Teaching also helps you see things with fresh eyes and ask questions on why you do things. It's easy to get into habits and routines and forget why we might place an elevator in a certain position or how you might take a secondary impression. When someone asks you specifically why you're doing that it refreshes your own knowledge.


6. Networking

As part of your DCT you will come into contact with lots of different clinicians, some will be very prestigious professionals who you can learn so much from. Get to know them, ask their opinions not just clinically, but professionally in terms of career advice. They will have a wealth of knowledge to share!


7. Keep a hand in primary care

During my DCT I still kept up my skills in dental practice by working at weekends. I can imagine if you have long hours in Maxfax this may be difficult but even spending a couple of weeks locuming somewhere would be great. 

This keeps up your experience working in dental practice (as it's very likely you'll end up there in the end), can keep your speed up, understand how a business works as well as keeping that performer number active!


8. Make the most out of working in a large health care setting

Working in a hospital whether its a district general, a university teaching hospital or in a community setting has it's perks. You will work within a large team and be surrounding by a support network of staff. For example, when a patient is being challenging you can call other members of staff for help.

You can also learn from other departments or staff members; ask to shadow on other departments or work with other members of staff. For example, my oral surgery GA list ran alongside a special care list. A few times when we finished early or the list was cancelled, I asked to assist with the special care list instead (which is something I'm really interested in).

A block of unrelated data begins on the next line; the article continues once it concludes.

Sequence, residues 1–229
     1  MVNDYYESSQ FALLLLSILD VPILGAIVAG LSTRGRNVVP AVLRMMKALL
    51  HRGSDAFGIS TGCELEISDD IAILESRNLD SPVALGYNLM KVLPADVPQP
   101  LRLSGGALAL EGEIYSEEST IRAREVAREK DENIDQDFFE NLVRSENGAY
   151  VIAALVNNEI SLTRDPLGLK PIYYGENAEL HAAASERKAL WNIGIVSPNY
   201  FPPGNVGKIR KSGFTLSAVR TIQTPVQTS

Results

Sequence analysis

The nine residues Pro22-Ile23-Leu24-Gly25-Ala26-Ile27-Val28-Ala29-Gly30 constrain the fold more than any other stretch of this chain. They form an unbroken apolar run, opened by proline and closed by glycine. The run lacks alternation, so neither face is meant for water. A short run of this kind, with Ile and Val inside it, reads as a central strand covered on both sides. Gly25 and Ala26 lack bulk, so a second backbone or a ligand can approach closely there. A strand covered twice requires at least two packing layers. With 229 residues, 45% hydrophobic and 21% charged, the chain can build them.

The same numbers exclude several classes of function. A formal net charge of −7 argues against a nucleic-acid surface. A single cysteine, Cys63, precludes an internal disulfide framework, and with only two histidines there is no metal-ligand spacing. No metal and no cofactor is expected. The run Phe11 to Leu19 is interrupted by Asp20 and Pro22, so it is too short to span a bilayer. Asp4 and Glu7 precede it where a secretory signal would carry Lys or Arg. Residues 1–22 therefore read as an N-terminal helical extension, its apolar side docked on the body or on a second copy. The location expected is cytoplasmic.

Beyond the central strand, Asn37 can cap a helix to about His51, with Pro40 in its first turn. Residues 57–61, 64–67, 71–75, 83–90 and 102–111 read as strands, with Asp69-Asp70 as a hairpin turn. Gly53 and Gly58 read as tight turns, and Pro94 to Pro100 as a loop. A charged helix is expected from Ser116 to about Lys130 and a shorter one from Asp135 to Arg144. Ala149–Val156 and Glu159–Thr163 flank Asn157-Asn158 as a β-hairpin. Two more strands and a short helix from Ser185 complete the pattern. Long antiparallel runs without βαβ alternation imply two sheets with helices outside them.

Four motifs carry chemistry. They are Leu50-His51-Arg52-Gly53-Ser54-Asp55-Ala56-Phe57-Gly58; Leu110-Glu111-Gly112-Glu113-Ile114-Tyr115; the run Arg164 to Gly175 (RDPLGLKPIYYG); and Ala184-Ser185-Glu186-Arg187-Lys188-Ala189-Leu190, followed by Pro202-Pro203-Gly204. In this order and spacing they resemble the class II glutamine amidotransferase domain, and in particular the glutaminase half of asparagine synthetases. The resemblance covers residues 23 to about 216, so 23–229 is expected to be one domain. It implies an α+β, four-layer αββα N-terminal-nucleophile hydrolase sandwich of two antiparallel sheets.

9. Get second opinions

Again, you will be surrounded by many different clinicians with different levels of experience and opinions. Ask them what they would do! Even if you're pretty sure what your clinical opinion is, it's interesting to learn the different approaches to the same situation and you could learn some useful tips!


10. Record your clinical work

Make sure you record all your clinical activity! When you apply for other posts like more DCT posts, speciality training posts or posts in the community, they frequently ask for numbers for certain procedures. Make sure you record the procedure and whether you observed, assisted or performed with/without supervision.

Also if you are doing any form of sedation, download the SAAD logbook and get your cases recorded. You need to have at least 20 cases and then you can perform sedation in other settings! 


Most of all, make sure you enjoy your year! You have fantastic support throughout the year from the deanery, your peers and your local hospital team. Make the most of all the opportunities that arise during the year!